Staging an RV to Sell

Trying to sell your RV with no luck? The secret could be in the staging. Depending on the age and style of your motor home, it could be as simple as adding some throw pillows or as complex as doing remodels. Let’s get started to see how we can help sell your RV!

1. Nicely Neutral 
Although the decorations in this RV add a nice pop of color, the paint is a very neutral white. Bolder colors tend to be more personal, so it’s best to stick with neutral colors like off-white and beige when trying to sell. Putting up a coat of paint is an easy and cheap way to make your RV feel fresh, new and inviting. 
2. Clear Clutter
You certainly don’t have to wipe the RV of any personality, but you definitely want to remove clutter. This is especially true if you have a smaller motor home. You don’t want the space to feel cramped. In this picture above, you can see a basket and some blankets that tend to make the space look a little cluttered. Adding a fresh coat of paint of white paint (or mirrors) to the back of that storage area and removing the clutter would go a long way. 
3. Completely Clean
One of the most important steps you can take in staging your RV for sale is to clean it thoroughly! We’re talking inside and out. Open windows, let it air out and get to scrubbing. Make sure everything is sparkling clean. People want to feel like they’re buying something new, even if they aren’t. Plus you want the inside to smell clean, rather than lived in. Even though it smells like home to you, it might smell a little strange to someone else!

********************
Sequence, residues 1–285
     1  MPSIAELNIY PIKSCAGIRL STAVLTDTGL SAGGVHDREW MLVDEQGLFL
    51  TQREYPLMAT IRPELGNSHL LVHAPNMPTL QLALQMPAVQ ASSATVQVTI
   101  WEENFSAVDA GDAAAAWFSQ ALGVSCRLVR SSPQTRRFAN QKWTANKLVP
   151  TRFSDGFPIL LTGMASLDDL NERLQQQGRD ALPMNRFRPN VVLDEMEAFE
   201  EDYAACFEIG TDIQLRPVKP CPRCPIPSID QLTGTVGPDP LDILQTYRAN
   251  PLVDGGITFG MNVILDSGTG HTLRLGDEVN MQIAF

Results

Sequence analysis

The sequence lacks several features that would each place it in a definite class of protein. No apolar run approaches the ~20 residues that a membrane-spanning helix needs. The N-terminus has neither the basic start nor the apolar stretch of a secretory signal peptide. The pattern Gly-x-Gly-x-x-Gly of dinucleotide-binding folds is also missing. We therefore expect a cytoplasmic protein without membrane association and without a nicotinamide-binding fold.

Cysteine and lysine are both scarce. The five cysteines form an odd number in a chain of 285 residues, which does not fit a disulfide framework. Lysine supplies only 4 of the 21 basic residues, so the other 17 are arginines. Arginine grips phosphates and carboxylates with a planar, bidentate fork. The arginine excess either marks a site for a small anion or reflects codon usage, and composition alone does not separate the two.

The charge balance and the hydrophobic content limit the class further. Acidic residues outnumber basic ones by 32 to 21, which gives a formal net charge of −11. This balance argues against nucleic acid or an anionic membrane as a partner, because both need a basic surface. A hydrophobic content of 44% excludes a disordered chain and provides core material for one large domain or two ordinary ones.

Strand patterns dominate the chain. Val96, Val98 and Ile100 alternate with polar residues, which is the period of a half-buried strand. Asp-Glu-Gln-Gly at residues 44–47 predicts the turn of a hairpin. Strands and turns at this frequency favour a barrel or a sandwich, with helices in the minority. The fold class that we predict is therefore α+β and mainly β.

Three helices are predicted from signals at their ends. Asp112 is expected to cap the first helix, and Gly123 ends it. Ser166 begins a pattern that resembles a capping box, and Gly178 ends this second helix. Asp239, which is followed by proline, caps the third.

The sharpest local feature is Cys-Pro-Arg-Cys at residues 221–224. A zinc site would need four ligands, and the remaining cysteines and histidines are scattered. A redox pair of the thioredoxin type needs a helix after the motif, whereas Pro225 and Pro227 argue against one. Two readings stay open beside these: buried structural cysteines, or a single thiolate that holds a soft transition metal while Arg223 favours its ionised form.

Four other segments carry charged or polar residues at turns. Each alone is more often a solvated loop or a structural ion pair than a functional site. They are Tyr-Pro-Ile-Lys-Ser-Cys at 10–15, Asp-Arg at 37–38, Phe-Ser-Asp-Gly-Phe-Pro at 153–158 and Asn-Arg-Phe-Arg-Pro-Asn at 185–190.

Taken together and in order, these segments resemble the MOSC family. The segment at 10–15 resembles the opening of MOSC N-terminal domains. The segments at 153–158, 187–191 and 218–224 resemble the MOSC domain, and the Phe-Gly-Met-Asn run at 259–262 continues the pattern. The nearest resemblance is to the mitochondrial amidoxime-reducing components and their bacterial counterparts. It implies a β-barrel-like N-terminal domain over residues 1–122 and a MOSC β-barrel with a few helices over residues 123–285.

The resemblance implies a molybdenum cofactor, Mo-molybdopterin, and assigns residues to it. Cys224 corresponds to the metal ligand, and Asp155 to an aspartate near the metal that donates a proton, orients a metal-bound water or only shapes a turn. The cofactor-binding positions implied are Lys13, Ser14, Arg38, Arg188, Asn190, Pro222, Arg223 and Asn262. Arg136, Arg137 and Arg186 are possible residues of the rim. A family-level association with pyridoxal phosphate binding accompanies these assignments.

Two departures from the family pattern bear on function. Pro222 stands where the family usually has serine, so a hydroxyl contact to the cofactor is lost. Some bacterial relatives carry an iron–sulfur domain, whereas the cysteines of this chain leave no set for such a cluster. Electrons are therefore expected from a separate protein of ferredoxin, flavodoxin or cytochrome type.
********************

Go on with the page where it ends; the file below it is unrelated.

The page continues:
4. Delectable Decor
Some simple yet not-too-personal decorations will help buyers envision what their own life would look like in the RV. Try to make it neutral, but still homey. Add some nice art to the walls, set the table and add a bowl of fresh fruit in the kitchen to give a pop of color. Make sure any items left over inside the RV are neatly arranged and look nice. Add some throw pillows to beds and couches. Remember, you’re trying to create the idea of a lifestyle. 
5. Outstanding Outdoors
If you have an awning, make sure you take it out before potential buyers come over. It’s also a good idea to set up some chairs and a small table outside your RV. Add a tray with cups, and some snacks on it on the table. People want to be able to envision their camping trips as they check out RVs for sale. You have to position yours uniquely and offer them more than just an RV, you’re selling them a lifestyle, a place to call home and an RV that has served you well for many years.
Happy Selling!

Why You Should Know This if You Hate Camping

Hate sleeping on the ground with bugs, but love camping? Well, we have a solution for you! RV camping. It’s the ultimate camping adventure, complete with all the aspects you love about camping, but without all the aspects you don’t love. See: mosquitoes biting you at night.